At that time we were in the district of Wepener, a village on the Basutoland border. Several British columns were then operating in that district. As so many were concentrated there, it was extremely hazardous and difficult for small commandoes, such as ours, to move during the daytime. The space between the Caledon River and Basutoland in which we could move becoming daily more and more circumscribed and limited, we determined to cross the Caledon River. Besides, we heard that the river was rising, and so were anxious to ford it before it was in flood.
On the evening of the 12th of October we set out in the direction of the river. At 10 P.M. we arrived at a farm, where we halted till 1 A.M. It was our intention to stop at this farm for the night, but owing to some strange foreboding of imminent danger I resolved to leave; and at 1 A.M. gave orders to saddle. As it was a very dark and cold night, some of the burghers felt reluctant to leave, and I heard them saying, "What is up again to-night with General Kritzinger? Surely we are perfectly safe here! Why trek again in the bitter cold at midnight?" But my orders had to be obeyed, and at 2 A.M. we were on the march.
Five of the men, who could not find their horses in the dark, were left behind to seek them when it was light. At daybreak that farm was surrounded and shelled by the enemy. Had we remained there we would have been in a sad plight; the five men were all captured. We escaped, but there was another trap for the next day. We off-saddled at a farm three miles from the river. Commandant Wessels, three burghers and myself rode to the Drift--"Basters Drift"--to see whether the stream was still fordable.
Little dreaming that the enemy was concealed on the opposite bank of the river, behind the ruins of an old homestead, and was watching us as we gradually approached the river, we entered the stream and waded through it. Arrived on the opposite side we sent one of the men back to call the commando, for the river was rising rapidly. The other two burghers were sent to reconnoitre ahead, while Wessels and myself remained on the bank of the river.
Scarcely had the two men left us, when we were startled by rifle reports close by. We jumped up, ran to our horses, and saw that we were hardly 100 yards away from the enemy. All we could do was to recross the river, and that had to take place in a shower of bullets. Let one imagine himself in a swollen river, so deep that his horse has to swim now and then, and the foe on the bank directing an incessant fire on him, and he will realise to some extent our position. We reached the bank safely, but had to do another 800 yards to get out of harm's way.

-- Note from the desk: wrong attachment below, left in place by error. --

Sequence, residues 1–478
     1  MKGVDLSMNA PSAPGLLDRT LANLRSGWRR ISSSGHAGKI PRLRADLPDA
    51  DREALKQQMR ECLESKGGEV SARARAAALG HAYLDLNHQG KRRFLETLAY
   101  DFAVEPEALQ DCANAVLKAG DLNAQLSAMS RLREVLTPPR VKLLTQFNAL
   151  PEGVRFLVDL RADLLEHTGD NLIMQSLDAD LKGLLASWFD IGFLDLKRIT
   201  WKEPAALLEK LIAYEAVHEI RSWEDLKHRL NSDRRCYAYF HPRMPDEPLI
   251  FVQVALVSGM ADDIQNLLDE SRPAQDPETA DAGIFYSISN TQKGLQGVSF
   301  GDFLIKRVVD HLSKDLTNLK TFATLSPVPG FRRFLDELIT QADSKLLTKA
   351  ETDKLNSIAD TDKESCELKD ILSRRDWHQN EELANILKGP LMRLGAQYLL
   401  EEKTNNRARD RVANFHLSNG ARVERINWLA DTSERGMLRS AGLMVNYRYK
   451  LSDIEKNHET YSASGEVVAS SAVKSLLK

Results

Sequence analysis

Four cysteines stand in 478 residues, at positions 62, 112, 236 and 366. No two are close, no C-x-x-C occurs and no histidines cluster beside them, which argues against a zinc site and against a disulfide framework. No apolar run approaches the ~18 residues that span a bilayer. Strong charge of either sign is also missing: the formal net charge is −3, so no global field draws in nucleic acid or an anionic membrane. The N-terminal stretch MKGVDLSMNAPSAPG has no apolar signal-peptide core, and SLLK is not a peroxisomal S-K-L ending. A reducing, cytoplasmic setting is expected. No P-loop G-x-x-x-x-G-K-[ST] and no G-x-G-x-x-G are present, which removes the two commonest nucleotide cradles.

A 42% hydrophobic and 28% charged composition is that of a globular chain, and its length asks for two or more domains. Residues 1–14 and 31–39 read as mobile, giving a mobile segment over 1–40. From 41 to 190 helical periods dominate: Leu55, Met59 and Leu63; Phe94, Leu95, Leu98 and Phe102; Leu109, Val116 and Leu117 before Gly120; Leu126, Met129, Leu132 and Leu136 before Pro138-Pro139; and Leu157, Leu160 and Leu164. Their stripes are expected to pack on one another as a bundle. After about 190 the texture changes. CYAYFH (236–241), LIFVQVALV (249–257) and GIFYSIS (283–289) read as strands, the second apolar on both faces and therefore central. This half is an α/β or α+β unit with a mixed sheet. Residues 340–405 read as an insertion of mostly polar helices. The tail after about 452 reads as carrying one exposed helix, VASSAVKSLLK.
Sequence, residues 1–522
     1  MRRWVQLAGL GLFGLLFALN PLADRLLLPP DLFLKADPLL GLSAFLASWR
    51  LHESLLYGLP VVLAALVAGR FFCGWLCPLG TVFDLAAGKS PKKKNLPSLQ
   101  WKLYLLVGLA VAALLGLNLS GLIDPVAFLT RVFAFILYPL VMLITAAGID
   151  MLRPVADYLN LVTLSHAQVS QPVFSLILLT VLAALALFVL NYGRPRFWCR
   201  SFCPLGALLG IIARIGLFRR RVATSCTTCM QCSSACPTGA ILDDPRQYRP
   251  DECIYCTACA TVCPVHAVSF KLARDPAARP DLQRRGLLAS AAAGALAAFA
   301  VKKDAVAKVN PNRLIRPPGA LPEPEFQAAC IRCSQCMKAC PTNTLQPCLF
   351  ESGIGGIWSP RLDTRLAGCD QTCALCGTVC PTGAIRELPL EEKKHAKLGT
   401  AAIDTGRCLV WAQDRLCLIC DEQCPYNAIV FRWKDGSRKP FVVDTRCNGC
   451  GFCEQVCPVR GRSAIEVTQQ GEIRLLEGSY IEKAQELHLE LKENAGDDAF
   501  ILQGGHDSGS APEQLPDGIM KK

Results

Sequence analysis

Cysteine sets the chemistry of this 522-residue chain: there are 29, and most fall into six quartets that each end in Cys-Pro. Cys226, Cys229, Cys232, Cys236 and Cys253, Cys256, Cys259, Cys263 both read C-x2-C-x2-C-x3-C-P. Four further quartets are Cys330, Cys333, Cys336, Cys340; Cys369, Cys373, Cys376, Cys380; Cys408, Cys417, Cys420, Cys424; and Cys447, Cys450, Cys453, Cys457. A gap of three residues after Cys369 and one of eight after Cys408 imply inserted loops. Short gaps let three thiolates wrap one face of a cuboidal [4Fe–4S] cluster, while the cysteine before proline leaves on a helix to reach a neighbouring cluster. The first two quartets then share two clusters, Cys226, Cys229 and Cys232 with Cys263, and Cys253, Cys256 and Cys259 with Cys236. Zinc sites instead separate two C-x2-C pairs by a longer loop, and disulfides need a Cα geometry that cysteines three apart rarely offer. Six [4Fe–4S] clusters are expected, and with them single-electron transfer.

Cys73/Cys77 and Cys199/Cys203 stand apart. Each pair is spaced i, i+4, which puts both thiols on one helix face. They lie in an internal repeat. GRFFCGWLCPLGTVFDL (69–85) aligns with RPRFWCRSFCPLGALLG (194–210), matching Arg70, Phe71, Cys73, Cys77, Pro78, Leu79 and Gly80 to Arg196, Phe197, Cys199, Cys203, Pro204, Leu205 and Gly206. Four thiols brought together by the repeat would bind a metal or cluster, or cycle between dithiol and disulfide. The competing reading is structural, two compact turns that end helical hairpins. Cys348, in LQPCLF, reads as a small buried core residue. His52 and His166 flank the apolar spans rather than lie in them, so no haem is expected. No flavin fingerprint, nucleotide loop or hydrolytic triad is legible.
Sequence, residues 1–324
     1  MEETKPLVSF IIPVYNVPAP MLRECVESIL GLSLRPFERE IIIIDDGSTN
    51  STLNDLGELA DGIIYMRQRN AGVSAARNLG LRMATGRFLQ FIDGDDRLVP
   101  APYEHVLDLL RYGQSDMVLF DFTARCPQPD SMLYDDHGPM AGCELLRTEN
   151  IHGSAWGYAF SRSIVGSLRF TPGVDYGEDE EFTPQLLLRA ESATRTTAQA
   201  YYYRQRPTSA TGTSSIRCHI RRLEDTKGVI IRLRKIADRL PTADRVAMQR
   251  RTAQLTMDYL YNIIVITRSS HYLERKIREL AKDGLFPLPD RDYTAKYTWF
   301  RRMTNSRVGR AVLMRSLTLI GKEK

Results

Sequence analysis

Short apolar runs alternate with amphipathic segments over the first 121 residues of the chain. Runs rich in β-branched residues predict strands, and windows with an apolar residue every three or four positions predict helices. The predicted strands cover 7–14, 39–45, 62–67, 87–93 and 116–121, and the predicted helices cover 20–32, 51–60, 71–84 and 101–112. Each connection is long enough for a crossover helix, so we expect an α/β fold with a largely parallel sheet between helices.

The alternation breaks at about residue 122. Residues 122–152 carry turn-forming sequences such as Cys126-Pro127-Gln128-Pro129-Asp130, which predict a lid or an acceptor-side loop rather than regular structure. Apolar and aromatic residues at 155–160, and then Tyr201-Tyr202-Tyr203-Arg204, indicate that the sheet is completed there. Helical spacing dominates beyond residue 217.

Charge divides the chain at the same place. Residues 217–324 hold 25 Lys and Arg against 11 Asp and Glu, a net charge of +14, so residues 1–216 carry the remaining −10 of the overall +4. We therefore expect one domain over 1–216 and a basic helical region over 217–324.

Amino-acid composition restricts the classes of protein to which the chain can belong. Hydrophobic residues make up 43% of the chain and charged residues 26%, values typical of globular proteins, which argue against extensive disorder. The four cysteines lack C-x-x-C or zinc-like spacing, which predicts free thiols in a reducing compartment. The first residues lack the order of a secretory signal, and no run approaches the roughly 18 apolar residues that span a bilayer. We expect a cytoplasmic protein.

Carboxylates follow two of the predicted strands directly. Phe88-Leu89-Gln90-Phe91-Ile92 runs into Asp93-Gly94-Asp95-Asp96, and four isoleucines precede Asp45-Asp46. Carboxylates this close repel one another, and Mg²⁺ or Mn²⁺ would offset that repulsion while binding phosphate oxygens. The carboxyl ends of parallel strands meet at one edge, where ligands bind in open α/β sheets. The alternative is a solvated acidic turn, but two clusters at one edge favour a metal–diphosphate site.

The two men we had sent ahead--what became of them? Alas! they rode into the jaws of death, for when they discovered the enemy they were hardly 15 yards from them. "Hands up!" resounded from behind the wall. The men, rather than surrender and sacrifice their commando, made an ill-fated attempt at escape. In the twinkling of an eye they were shot down. The one--a young Trichard from Cradock--was dead on the spot; three bullets penetrated his body. The other--young Wessels from Winburg--was wounded in the leg and captured.
These two brave young men were the means of saving Wessels and myself either from being captured or shot. And not only that, but their gallant action, in which the one forfeited his life, and the other a limb, proved the salvation of the whole commando. If they had surrendered Wessels and I would probably have gone in the same direction, and the commando would have followed, and so all of us would have been in a terrible predicament. But they had risked their lives to save us from certain destruction.
Failing to ford the river at that drift, we proceeded down-stream with the hope of crossing it somewhere else. To our disappointment the river had risen to such a degree that the only transit still left could be a bridge. Now there was but one far down the stream, and it was very doubtful whether that was not held by the enemy. Anyway, we were going to try, and so marching almost all the whole night we arrived at the bridge a little after sunrise. How glad we were to find the bridge still unoccupied! We had just reached it in time, for half an hour after we had gone over the British took possession of it. They had now completed their cordon; but we--were out of the circle.